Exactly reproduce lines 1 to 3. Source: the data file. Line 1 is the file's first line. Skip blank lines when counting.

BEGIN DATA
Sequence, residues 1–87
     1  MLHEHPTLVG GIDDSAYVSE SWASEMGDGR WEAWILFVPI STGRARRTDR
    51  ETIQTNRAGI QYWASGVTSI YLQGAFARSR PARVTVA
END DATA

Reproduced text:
Sequence, residues 1–87
     1  MLHEHPTLVG GIDDSAYVSE SWASEMGDGR WEAWILFVPI STGRARRTDR
    51  ETIQTNRAGI QYWASGVTSI YLQGAFARSR PARVTVA